On Saturday, Aug. 16, the community will have an opportunity to learn more about the rich broadcasting history we have right in our own backyard with a tour of the National Voice of America Museum of Broadcasting.
“The museum has been in development for several years, since the Voice of America stopped transmitting and the property was given up by the Federal Government, but it has only been in the last nine months or so that we have really become aggressive in developing a first-class museum, which is a two-to-three-year, $12 to $15 million dollar project,” said Jack Dominic, the museum’s executive director.
Currently, there are three displays available to the public in an approximate 15,000 square foot space. One of the core displays focuses on the history of the Voice of America and the significant contribution that the Cincinnati/Northern Kentucky region played to the development of the Voice of America back in the 1940s and ’50s.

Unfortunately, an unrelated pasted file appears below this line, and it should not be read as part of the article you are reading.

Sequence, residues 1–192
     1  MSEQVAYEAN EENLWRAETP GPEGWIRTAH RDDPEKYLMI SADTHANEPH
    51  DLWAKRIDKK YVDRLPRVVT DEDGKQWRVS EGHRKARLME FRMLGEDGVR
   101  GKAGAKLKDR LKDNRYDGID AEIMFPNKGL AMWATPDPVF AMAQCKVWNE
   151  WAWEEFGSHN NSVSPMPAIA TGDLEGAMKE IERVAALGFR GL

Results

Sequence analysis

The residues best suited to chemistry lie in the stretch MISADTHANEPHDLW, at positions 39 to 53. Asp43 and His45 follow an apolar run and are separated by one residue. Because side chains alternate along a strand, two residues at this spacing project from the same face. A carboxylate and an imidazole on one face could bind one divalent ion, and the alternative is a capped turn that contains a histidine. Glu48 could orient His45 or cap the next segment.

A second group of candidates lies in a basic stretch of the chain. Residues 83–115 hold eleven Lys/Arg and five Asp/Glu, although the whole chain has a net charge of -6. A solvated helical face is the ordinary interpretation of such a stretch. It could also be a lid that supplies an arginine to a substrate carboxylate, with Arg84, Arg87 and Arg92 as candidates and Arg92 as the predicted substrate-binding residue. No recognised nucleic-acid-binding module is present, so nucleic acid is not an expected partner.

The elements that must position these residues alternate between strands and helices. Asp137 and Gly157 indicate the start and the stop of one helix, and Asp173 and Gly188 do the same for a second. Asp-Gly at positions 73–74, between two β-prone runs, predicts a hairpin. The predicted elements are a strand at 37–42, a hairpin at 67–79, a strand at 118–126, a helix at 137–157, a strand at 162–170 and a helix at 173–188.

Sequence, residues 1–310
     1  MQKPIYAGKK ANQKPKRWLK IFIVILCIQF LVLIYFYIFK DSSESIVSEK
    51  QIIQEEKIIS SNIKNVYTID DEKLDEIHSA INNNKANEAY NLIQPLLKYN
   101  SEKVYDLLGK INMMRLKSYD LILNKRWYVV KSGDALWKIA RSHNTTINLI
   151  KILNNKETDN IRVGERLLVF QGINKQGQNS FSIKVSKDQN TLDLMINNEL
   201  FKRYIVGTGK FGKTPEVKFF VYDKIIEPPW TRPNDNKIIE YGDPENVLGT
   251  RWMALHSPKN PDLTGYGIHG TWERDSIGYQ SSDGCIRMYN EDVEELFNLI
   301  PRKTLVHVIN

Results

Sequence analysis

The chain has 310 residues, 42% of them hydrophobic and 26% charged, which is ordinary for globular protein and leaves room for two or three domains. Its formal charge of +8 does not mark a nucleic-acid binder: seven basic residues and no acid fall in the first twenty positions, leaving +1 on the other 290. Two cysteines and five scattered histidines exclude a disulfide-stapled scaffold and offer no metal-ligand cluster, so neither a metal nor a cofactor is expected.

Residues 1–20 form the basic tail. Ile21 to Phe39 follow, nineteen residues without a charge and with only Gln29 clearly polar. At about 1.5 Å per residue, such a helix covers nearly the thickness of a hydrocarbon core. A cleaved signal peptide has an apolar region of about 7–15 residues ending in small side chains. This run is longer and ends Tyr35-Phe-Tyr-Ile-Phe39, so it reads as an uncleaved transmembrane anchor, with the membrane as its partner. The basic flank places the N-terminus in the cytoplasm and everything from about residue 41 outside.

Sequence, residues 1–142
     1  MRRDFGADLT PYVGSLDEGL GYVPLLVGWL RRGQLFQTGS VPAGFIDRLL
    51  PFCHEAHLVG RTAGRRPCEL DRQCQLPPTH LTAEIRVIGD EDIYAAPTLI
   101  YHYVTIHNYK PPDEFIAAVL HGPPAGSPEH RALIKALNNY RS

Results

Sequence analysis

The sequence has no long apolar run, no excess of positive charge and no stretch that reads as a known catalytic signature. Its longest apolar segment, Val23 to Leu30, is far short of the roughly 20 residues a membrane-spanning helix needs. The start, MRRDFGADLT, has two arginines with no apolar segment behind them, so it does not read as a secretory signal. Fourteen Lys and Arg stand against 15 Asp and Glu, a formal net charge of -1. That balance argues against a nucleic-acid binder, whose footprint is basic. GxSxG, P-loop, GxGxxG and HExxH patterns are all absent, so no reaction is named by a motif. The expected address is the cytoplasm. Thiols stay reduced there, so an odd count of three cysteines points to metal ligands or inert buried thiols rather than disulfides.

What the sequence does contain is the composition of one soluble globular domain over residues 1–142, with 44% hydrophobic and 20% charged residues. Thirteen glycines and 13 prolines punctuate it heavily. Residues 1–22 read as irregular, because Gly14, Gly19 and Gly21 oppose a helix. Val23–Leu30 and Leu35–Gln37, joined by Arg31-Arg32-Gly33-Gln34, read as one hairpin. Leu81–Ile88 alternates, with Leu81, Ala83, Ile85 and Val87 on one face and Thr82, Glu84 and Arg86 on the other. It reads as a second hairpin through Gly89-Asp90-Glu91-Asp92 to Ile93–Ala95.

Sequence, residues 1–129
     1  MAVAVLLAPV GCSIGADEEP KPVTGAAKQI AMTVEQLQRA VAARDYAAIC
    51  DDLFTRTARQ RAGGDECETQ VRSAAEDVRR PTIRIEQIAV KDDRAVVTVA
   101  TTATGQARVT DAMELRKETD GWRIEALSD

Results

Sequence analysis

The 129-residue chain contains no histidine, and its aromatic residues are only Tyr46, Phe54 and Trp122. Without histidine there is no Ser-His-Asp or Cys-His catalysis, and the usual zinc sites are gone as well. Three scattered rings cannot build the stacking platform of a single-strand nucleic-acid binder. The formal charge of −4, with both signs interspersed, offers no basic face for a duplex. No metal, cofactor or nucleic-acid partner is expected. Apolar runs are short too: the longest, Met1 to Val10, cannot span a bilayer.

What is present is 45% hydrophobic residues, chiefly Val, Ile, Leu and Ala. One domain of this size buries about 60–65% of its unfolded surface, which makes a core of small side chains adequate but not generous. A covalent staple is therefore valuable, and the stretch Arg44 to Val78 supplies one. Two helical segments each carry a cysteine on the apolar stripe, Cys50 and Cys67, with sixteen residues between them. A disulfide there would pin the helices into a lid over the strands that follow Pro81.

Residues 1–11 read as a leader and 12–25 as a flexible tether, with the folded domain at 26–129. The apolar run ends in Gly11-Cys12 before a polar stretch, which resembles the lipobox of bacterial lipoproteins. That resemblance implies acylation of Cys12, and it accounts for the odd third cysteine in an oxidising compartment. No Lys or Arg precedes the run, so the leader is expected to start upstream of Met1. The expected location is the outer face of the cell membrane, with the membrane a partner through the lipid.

There is also a display of historical artifacts about the general broadcast industry, going back to the Crosley Broadcasting Corporation, up to the present. The display contains a lot of Cincinnati memorabilia.
“The Cincinnati area has been a very significant innovator in the area of radio and television and that display chronicles the contribution,” Dominic said.
The third part of the display is called the Gray History of Wireless, which shows the history of radio. It includes a comprehensive collection of historical artifacts dating back to the time of Guglielmo Marconi, who was considered the “Father of Modern Radio.”
Built in 1944, VOA originally transmitted to Europe, Africa and South America.
“The museum’s Executive Board is working really hard to further develop the museum and honor the history of the building, taking the opportunity to understand what VOA meant to so many people, and the technology that was developed right here in our backyard. It’s important that people stop by and check it out,” said Barb Wilson, a spokeswoman for the Township.
When complete, the 30,000 square foot facility will include a number of interactive, talking displays. The museum will include a permanent display as well as a number of traveling displays. The building’s exterior has already been totally refurbished.
“The museum is actually much more than a regional or local museum, it played a national and international role,” Dominic said.
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